Luckily for us adventurous types, the canal remains open  today as a premier three mile paddling trail connecting the Aucilla and Wacissa Rivers-that is, if you can find it. The entrance to the canal can be a bit tricky to find (there are signs though, so keep an eye out). Once  you do find it though, you are in for a treat. The deadfalls and swift current at high water create a somewhat challenging, but delightful paddling trip. The Slave Canal is part of the Wacissa River Paddling Trail. According to the trail guide it is an intermediate paddle. I only had a chance to kayak a small portion of the canal, but I already have plans in the works to kayak the whole thing. Paddling is a wonderful way to experience, not only nature, but history as well.  There is no documentation of who the slaves were that constructed the canal, but kayaking the canal somehow brings to light the challenges that they must have faced.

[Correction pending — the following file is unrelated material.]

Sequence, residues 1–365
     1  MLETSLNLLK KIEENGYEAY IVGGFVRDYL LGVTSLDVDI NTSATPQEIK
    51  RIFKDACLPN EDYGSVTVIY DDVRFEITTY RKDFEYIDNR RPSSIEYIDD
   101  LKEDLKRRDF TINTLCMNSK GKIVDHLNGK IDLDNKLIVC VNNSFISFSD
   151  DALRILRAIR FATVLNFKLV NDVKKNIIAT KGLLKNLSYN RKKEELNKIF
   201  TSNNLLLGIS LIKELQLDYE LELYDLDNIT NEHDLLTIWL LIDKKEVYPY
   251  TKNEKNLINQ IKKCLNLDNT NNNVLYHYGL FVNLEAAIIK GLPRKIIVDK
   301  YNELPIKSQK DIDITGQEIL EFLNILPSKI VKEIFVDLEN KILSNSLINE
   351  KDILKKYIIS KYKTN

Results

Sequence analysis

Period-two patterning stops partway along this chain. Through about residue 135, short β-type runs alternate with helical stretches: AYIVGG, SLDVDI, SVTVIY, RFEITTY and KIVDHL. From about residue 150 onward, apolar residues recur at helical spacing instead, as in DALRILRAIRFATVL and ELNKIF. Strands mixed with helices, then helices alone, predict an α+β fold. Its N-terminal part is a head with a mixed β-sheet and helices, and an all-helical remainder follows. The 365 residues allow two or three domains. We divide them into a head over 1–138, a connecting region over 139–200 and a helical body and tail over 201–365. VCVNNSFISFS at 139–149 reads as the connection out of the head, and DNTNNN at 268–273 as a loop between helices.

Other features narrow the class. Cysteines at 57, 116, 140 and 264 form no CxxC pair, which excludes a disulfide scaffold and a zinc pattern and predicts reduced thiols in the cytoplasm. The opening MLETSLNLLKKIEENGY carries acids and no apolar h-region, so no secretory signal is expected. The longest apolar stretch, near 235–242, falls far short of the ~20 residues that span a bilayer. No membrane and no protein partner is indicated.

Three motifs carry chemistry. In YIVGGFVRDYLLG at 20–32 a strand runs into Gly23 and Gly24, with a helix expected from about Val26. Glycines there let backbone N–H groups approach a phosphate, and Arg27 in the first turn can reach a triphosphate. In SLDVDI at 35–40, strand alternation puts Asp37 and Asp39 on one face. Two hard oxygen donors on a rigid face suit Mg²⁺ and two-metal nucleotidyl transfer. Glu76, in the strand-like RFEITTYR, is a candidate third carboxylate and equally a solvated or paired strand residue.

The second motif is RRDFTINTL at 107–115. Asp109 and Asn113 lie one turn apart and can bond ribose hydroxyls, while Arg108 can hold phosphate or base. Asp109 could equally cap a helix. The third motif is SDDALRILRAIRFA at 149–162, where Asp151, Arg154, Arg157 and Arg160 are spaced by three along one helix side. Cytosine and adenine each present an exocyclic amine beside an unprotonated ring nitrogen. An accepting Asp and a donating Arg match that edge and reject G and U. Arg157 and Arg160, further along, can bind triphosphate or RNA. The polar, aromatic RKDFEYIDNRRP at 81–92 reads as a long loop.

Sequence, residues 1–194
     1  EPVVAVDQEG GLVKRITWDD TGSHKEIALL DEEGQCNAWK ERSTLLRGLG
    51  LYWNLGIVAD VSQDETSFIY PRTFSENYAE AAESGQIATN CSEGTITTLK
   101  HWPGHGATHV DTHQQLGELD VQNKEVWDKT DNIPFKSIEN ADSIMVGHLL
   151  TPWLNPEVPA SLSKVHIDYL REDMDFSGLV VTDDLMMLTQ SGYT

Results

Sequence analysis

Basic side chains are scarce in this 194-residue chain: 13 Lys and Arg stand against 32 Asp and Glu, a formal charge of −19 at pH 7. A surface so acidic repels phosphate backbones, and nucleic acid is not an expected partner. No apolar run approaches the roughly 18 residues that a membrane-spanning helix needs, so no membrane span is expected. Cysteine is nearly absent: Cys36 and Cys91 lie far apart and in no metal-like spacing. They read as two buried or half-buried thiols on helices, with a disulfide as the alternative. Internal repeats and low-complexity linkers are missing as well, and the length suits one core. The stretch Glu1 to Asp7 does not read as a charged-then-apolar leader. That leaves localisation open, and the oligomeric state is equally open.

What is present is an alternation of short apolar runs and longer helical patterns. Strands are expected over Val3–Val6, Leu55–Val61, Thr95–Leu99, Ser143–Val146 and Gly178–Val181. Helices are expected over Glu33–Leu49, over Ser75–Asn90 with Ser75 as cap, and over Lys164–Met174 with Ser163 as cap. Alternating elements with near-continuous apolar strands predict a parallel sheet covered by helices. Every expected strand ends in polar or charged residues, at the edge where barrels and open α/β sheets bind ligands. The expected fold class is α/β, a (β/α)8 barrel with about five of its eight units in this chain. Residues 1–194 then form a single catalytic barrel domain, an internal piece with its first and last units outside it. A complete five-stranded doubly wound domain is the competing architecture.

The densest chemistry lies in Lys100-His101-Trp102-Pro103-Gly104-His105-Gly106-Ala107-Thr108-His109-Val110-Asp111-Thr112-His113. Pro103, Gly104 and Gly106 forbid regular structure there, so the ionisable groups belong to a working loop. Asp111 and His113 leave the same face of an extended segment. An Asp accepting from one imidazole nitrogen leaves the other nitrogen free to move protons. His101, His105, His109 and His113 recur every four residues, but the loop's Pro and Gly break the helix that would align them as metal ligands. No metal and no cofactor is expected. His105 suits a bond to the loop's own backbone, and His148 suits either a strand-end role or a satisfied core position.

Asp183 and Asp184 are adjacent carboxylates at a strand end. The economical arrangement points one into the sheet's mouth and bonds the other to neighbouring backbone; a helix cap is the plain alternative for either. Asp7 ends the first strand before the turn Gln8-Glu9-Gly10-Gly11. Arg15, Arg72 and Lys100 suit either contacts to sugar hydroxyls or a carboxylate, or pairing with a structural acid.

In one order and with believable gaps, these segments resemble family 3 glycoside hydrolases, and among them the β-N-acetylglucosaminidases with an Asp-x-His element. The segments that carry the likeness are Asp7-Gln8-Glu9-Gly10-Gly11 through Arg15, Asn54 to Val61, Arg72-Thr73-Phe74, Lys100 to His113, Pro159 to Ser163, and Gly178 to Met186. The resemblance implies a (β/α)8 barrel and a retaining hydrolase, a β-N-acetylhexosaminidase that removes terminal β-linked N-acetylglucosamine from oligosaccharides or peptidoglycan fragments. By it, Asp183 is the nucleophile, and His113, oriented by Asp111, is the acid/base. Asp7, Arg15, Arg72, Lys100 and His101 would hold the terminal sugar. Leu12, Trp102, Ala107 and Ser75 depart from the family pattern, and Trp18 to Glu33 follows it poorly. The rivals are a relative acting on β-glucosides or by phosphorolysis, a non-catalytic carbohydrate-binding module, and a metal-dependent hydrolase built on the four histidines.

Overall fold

In addition to the history of the Slave Canal, don’t forget about the people that made their homes on these waterways long before the canal’s construction. The wonderful thing about the Wacissa and Slave Canal is that there are no houses or buildings visible from the river starting from Goose Pasture (where I launched ) to the Slave Canal. It is almost as if you are kayaking into a time long, long ago. You can almost imagine people paddling in dugout canoes along this stretch of remote wilderness. And remember, you may encounter archaeological sites along these waterways, you can look, but don’t touch. Leave any artifacts you might encounter where they are so that the next visitor can enjoy looking at them (and not picking them up) and so that archaeologists in the future can have the opportunity to study them and learn about the people that lived along these rivers in Florida’s past. Hopefully my future plans for kayaking the whole canal will come to fruition soon, and of course, I will tell you all about it!